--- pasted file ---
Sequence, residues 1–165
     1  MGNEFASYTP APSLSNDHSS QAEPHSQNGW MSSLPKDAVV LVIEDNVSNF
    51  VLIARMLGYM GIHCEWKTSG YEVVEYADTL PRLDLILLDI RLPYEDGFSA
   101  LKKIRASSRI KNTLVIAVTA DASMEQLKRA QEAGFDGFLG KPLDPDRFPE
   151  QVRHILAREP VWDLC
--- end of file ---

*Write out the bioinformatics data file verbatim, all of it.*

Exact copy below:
Sequence, residues 1–165
     1  MGNEFASYTP APSLSNDHSS QAEPHSQNGW MSSLPKDAVV LVIEDNVSNF
    51  VLIARMLGYM GIHCEWKTSG YEVVEYADTL PRLDLILLDI RLPYEDGFSA
   101  LKKIRASSRI KNTLVIAVTA DASMEQLKRA QEAGFDGFLG KPLDPDRFPE
   151  QVRHILAREP VWDLC